By JAMES BRADSHAW
Tuesday, June 18, 2019
Street Capital Group Inc. has struck an all-cash deal to be acquired by RFA Capital Inc. for $85-million, securing a muchneeded infusion of capital as the mortgage lender has struggled to keep pace in a competitive market.
RFA Capital will pay 68 cents a share to acquire all of Street Capital's shares and take the lender private - a 36-per-cent premium to Friday's closing price, subject to approvals from shareholders and authorities.
By selling to RFA, Street Capital will get immediate access to up to $5-billion in new mortgage funding. And if the deal closes, RFA has pledged to pump at least $50-million in equity capital into Street Capital up front, and make follow-on capital available to help fund more loans and add to its balance sheet.
"That will create an immediate positive impact for our business," said Street Capital's chief executive, Duncan Hannay, in an interview. "It's patient, long-term money."
Toronto-based Street Capital has spent months exploring a range of options to boost its capital levels and secure new funding. The lender ultimately put itself up for sale, faced with pressure from Canada's banking regulator to find a solution, as first reported by The Globe and Mail last week. When Street Capital embarked on an expansion plan early in 2017, its shares traded near $2.
But as new stress tests and foreign-buyers taxes applied to some mortgages tempered activity in major housing markets, competition in the sector intensified, squeezing Street Capital's profit margins.
"We didn't go into this effort with the intention of selling the business," Mr. Hannay said. "We needed to identify an ongoing source of financial strength for the bank."
Street Capital has about 130,000 customers and nearly $28-billion in mortgage loans under administration, most of which are sold directly to third parties or pooled for sale to investors. But the company also raises deposits to fund mortgages through its Street Capital Bank of Canada subsidiary, and holds $1billion in assets on its balance sheet, which requires the bank to hold more capital.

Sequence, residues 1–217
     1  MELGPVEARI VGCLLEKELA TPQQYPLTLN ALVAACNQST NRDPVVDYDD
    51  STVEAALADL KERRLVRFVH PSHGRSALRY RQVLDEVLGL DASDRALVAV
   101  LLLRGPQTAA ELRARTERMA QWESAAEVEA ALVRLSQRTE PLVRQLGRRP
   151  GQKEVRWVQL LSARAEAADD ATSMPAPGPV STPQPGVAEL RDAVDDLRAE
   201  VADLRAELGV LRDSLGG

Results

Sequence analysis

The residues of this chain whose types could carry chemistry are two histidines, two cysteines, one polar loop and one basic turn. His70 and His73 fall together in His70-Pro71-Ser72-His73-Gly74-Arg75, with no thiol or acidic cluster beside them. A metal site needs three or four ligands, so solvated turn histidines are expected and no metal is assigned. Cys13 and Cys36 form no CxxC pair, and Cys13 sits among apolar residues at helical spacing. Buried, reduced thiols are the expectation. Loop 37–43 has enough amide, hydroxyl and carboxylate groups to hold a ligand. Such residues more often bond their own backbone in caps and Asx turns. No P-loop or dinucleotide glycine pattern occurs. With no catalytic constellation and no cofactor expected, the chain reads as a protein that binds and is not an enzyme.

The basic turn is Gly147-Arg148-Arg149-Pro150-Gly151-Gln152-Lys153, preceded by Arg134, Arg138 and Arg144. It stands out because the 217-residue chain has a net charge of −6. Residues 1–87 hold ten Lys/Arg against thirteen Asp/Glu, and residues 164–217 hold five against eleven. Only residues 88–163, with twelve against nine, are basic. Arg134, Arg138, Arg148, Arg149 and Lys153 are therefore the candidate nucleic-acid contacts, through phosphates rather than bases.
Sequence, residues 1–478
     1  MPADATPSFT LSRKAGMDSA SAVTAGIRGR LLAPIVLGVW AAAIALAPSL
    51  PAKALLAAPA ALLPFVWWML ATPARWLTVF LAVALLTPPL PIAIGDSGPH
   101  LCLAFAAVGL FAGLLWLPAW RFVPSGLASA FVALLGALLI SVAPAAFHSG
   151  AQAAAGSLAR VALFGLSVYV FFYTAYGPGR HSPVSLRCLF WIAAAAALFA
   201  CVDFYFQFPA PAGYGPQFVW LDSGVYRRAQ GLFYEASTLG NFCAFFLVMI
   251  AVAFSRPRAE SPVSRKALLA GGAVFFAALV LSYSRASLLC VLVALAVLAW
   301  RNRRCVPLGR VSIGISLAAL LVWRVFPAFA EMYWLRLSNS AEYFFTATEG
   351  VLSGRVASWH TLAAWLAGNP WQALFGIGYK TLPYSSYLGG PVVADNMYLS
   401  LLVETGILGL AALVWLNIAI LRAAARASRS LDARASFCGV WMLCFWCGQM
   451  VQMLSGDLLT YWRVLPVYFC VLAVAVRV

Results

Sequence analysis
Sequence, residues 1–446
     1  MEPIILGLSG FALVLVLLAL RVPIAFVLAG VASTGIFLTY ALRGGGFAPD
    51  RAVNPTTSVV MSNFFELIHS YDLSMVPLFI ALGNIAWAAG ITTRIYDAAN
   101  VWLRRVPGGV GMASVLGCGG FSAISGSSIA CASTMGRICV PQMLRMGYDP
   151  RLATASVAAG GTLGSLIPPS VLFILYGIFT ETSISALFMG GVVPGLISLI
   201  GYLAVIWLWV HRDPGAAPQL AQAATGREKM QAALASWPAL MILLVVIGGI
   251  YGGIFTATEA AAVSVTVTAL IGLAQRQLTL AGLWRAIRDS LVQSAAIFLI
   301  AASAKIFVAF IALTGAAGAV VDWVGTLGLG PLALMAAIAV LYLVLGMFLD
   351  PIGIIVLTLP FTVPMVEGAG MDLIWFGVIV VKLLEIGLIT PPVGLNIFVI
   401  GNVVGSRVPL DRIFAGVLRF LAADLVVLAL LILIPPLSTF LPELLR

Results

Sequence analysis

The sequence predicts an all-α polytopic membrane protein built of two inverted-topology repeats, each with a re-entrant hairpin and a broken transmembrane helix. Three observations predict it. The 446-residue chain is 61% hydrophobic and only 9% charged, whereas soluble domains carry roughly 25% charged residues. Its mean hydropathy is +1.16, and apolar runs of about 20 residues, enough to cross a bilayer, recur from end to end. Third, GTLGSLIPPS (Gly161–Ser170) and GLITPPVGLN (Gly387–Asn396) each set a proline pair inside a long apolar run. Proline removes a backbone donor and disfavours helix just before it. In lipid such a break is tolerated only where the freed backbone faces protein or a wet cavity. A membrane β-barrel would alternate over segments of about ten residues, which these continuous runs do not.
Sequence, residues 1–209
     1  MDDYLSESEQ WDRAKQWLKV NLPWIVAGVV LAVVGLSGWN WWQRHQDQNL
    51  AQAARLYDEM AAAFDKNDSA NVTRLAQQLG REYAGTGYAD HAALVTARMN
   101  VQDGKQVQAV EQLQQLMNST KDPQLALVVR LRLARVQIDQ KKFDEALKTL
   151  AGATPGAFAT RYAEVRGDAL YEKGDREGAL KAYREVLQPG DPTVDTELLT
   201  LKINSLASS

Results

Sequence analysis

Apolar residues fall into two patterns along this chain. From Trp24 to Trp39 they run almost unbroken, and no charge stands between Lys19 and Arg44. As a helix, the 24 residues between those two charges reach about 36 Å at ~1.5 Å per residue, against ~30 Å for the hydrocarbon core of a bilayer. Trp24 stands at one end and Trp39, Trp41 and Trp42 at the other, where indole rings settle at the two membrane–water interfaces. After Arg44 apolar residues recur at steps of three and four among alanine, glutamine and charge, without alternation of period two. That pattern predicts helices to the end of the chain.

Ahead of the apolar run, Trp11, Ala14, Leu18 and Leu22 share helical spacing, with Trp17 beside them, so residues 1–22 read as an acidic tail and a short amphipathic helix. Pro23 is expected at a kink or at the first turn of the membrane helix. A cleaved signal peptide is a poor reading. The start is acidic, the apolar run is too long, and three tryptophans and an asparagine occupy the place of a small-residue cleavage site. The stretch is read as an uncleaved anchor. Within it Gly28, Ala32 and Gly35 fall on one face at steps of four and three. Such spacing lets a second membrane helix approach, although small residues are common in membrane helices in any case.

"Street Capital was hit particularly hard by both recent regulatory mortgage market reform and heightened competition in the space," said Brenna Phelan, an analyst at Raymond James Ltd., in a research note. "While there were some greenshoots in [the company's first-quarter] results, both funding and capital remained constraints to the growth needed to scale up to profitability."
RFA Capital is a commercial real estate investment firm that invests in office, retail, industrial and multifamily apartment properties in major cities, but has kept a low profile. Co-founded by former Olympic water polo player Alan Pyle, and based in Toronto, the company has invested more than $15-billion in commercial real estate since its founding in 1996.
RFA typically invests in deals alongside third-party investors, and also owns a 15-per-cent stake in Nexus REIT, an investment trust that owns industrial, office and retail properties in Canada.
RFA Capital managing partner Ben Rodney could not be reached for comment. But in a statement, he said his company plans to invest in "new capabilities" to help Street Capital "overcome current barriers to sustained financial performance and growth."
The deal, which is structured as a plan of arrangement under the Business Corporations Act, is expected to close by the end of the year. But it still requires approval from two-thirds of Street Capital shareholders, including a majority of the votes cast by shareholders excluding three senior officers who would benefit financially from the deal. Company directors and senior executives own about 14 per cent of its shares, and will vote in favour of the acquisition.
Street Capital's board of directors unanimously recommends the deal. And BMO Nesbitt Burns Inc., which acted as Street Capital's financial adviser, has provided an opinion that deems the deal "fair" to shareholders.
"We agree with the board's conclusion that a sale of the company was in the best interest of shareholders at this time, and view the purchase price ... as fair," Ms. Phelan said.
With a report from Janet McFarland